You’ve probably been led to believe that if you just drink enough milk, eat enough yogurt and cheese, get some broccoli and maybe take a calcium supplement, you will be assured of having healthy bones that are resistant to osteoporosis. Wrong! The truth is, if you’re not getting enough of another essential nutrient, potassium, you won’t get the benefit from all that calcium. Here’s how to make sure you get the amount of potassium you really need for healthy bones…


With all the constant hoopla about calcium, you’d never guess that numerous studies have shown that potassium is just as important for bone health. So why does calcium get all the publicity? Maybe even doctors don’t realize how important potassium is…and maybe the supplement industry is just too hooked on its calcium profits to put the spotlight somewhere else. But the fact is, a lot of people who think they’re doing good for their bones are consuming too little potassium. And their bones are suffering for it.

Strong proof of the importance of potassium: Researchers recently analyzed 14 high-quality studies on the effects of potassium supplements on bone health and found that people who had higher intakes of potassium excreted less calcium in their urine and had markers in their blood that showed less bone loss. The reason? Potassium aids calcium absorption.

Thus, diets higher in potassium might be a way to improve bone strength and help prevent bone weakening and osteoporosis.

Potassium has been shown to slow down a process called bone resorption, which happens in our bodies all the time as a natural process. In the bone-resorption process, small cells called osteoclasts break down bone to make room for new bone growth. However, as we age, new bone formation slows down and can be outpaced by bone resorption. The result is thin and brittle bones that can easily fracture.

“A high intake of potassium has been shown to significantly reduce the excretion of calcium in the urine. Furthermore, potassium neutralizes the excess acid from the metabolism of a heavy meat-eating diet,” says nutrition and fitness expert Janet Bond Brill, PhD, RD, who advocates potassium not only for bone health but also for blood pressure control and is the author of the book Blood Pressure Down.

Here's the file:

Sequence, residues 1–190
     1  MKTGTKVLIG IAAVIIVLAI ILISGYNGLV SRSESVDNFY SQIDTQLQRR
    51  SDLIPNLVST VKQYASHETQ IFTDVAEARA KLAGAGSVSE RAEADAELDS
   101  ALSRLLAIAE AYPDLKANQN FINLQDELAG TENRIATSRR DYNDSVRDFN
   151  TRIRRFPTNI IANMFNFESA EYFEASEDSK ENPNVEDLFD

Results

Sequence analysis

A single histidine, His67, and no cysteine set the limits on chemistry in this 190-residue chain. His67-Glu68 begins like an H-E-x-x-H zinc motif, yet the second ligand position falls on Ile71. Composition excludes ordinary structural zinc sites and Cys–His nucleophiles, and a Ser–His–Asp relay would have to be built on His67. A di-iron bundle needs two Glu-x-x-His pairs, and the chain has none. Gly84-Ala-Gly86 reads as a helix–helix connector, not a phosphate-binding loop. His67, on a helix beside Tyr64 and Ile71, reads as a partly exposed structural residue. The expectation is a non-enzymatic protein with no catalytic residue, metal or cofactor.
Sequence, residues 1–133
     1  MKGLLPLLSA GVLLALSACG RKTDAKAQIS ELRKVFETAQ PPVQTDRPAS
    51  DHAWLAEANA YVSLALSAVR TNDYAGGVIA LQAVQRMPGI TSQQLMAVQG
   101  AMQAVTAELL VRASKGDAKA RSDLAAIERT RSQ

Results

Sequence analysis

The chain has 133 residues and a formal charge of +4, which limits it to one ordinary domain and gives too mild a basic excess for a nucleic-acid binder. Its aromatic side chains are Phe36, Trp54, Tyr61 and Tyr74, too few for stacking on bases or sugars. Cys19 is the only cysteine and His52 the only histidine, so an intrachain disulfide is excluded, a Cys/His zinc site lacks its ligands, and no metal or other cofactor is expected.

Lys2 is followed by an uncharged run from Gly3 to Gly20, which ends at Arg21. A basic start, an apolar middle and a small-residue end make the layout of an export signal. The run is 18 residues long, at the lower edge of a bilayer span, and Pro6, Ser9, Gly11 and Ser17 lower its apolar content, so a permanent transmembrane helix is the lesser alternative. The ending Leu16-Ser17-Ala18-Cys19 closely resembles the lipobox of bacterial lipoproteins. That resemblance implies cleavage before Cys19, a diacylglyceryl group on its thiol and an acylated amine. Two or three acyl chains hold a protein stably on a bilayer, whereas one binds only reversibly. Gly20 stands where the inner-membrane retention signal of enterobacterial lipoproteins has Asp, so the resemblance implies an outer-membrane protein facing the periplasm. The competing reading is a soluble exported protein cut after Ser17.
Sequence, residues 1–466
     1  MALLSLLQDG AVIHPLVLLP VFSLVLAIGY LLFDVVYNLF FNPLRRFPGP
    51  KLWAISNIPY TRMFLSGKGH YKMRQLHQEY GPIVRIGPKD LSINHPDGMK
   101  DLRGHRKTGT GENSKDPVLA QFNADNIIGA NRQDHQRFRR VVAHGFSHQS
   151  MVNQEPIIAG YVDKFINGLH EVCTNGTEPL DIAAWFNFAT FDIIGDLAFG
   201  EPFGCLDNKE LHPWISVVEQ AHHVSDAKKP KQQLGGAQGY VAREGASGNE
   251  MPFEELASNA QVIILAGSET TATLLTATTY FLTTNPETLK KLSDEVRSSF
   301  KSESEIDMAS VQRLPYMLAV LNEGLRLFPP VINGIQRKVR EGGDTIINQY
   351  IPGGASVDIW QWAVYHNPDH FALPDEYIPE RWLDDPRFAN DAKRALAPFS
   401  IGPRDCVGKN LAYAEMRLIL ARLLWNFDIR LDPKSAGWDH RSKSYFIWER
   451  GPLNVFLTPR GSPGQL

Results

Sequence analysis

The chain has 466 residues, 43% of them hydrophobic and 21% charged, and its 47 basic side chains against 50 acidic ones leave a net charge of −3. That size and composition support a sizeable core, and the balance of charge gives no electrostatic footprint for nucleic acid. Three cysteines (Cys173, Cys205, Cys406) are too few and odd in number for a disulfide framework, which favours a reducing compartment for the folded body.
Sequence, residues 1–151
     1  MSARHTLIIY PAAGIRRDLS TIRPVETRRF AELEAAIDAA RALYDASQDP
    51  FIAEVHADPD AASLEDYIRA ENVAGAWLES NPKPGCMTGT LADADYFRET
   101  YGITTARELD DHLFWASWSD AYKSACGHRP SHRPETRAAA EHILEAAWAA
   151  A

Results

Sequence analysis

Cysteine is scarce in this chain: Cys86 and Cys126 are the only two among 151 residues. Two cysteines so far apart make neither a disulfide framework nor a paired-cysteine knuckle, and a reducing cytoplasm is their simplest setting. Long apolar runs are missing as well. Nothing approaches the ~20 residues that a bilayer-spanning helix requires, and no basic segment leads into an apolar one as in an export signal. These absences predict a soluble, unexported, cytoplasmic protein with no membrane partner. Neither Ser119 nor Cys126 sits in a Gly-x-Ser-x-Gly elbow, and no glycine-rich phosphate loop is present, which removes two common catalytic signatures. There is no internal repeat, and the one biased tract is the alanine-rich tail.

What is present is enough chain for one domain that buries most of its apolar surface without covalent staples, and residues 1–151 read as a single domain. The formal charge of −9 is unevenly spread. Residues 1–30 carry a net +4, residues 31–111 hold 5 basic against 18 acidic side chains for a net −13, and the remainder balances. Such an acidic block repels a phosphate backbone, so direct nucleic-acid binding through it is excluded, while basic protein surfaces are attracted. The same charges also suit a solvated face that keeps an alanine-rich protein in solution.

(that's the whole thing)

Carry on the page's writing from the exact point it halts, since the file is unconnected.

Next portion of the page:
She recommends getting 4,700 milligrams (mg) of potassium a day, an amount in line with the recommendation of the Institute of Medicine of the National Academy of Sciences, which helps set US health policy. But she dissuades her clients from taking potassium supplements, saying that supplements do not deliver nutrition as efficiently as nutrition-rich food. Besides, potassium supplements can cause intestinal problems such as diarrhea, stomach upset and flatulence in some people.

And people on diuretics or other blood pressure medications and those with kidney disease need to be extra cautious about potassium supplementation. Certain diuretics, such as Aldactone, Midamor and Dyrenium, and many other blood pressure medications, such as Avapro, Cozaar, Diovan and Vasotec, and also NSAIDs, when taken with potassium supplements can lead to potassium excess in the body. This condition, called hyperkalemia, can cause symptoms of tingling extremities, muscle weakness or irregular heart beat that can result in cardiac arrest. If you’re taking any medication, particularly the ones mentioned above, it is strongly advised that you don’t take a potassium supplement without first consulting an MD or a naturopathic doctor.


So where does safe, natural potassium come from? “Think ‘P’ for potassium and produce,” Dr. Brill says. It’s that easy.

Of course not all produce is created equal. Some is more chock-full of potassium than others. In addition to the best-known potassium sources—bananas and white potatoes—Dr. Brill’s “hot list” of high-potassium foods includes spinach, kale, beet greens (and other dark, leafy green vegetables), cantaloupe, kidney beans and avocado. She also recommends low-sodium V-8 juice, a cup of which offers 820 mg of potassium. If you eat at least eight servings of such foods each day, you’ll be sure to reach your 4,700 mg of potassium quite easily.

And if you would like a mouthwatering, potassium-rich dinner recipe for inspiration, check out this salmon dish from Dr. Brill’s book Blood Pressure Down. It packs about 2,000 mg of potassium per serving…

Oven-Roasted Salmon with Potatoes and Tomatoes

This recipe serves four. The ingredients you’ll need are:

  • Four 6-ounce salmon fillets (you can substitute cod, which contains about the same amount of potassium as salmon)
  • 3 tablespoons olive oil, divided
  • 1 teaspoon salt-free seasoning blend
  • ½ teaspoon freshly ground black pepper
  • 2 pounds small red potatoes, washed and quartered
  • 4 cloves garlic, peeled and halved
  • ½ teaspoon dried rosemary
  • ½ teaspoon dried thyme
  • 2 cups grape tomatoes, halved
  • Juice of one lemon plus extra slices of lemon to squeeze to taste on the finished dish
  • ¼ cup minced parsley

Preheat oven to 450°F. Drizzle the salmon with one tablespoon olive oil and sprinkle with salt and pepper. Refrigerate until ready to use.

On a rimmed baking sheet, toss potatoes with garlic, rosemary, thyme, salt-free seasoning blend, pepper and the remaining two tablespoons olive oil. Turn cut sides of the potatoes down. Bake for about 20 minutes, just until the potatoes start to brown. Remove baking sheet from the oven. Add the tomatoes to the potatoes, and push them to the side to make room for the salmon fillets. Return the pan to the oven, and bake until the fish is cooked through and the potatoes are brown and tender…about 20 minutes. Remove from the oven, transfer to plates, sprinkle with fresh chopped parsley and drizzle with lemon juice.